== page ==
Women can safely interrupt hormone therapy to have a baby, study finds
Long-awaited findings from a study looking at pregnancy and breast cancer medication is bringing reassurance to patients and specialists alike.
Women with hormone-receptor positive tumours take a daily pill for up to 10 years following their diagnosis to reduce their risk of the cancer returning.
As this treatment, called endocrine therapy, supresses oestrogen production, it can impact fertility. For many young women diagnosed with breast cancer who have not completed their families, deciding whether to start endocrine therapy is frequently reported as one of the biggest challenges they face.
However, this new study has found that it is safe to stop long-term treatment, like tamoxifen, temporarily in order to have a baby. These results were presented at the San Antonio Breast Cancer Symposium, the world’s most prestigious breast cancer conference, in Texas, United States earlier in December.
It is the first study to look at interrupting endocrine therapy to attempt pregnancy.
It included 518 women aged 42 or younger, diagnosed with stage one to three breast cancer, who had been on endocrine therapy for at least a year and a half before stopping treatment to try and get pregnant. They were encouraged to wait no more than two years before resuming their therapy.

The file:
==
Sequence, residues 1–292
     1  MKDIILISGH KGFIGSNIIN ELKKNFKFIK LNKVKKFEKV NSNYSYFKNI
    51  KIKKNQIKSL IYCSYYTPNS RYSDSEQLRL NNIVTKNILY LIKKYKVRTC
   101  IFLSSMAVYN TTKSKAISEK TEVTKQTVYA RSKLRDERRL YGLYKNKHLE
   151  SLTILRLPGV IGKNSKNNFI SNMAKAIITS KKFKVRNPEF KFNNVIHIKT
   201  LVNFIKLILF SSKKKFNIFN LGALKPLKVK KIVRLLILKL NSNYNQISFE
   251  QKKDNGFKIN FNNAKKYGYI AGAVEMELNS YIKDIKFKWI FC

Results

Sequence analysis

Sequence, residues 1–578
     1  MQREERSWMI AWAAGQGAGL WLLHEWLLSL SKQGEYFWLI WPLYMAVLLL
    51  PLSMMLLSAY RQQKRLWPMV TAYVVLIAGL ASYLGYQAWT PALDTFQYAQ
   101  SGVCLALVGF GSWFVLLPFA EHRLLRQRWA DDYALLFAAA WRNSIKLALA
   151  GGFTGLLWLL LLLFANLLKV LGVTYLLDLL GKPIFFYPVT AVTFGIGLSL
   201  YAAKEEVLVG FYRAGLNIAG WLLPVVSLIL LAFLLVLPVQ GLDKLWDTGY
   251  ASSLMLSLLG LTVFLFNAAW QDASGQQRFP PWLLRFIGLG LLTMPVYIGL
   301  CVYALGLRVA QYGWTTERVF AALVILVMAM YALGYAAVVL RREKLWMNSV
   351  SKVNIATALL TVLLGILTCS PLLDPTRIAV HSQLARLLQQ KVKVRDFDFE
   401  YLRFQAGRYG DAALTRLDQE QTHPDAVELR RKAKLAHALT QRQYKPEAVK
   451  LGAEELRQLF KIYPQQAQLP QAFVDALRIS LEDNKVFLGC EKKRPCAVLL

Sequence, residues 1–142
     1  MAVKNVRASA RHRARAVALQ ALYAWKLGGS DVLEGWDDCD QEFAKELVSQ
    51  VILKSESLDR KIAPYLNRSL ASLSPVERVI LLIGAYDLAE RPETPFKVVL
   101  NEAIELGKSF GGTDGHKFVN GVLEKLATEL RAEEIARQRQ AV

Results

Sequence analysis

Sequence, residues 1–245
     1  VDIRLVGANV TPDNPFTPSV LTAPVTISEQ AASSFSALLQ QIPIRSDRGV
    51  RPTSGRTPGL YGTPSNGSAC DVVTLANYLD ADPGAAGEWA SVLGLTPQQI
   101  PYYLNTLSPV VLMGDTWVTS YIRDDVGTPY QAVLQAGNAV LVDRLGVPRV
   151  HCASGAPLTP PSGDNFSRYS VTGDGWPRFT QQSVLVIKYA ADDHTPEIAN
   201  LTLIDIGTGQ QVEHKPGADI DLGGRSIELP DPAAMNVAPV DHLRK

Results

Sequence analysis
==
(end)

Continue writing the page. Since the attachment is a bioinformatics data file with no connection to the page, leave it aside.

Of the study participants, 63% were able to get pregnant and have a baby, and more than 75% have now returned to their endocrine treatment.
Study lead and professor of medicine at Harvard Medical School Ann Partridge says that within three years of stopping hormone-suppressing drugs, the rate of breast cancer recurrence was 8.9% - which is similar to the rate expected for patients who stuck with the medication consistently.
Other breast cancer specialists told NBC News the study results will be practice-changing for them and their patients.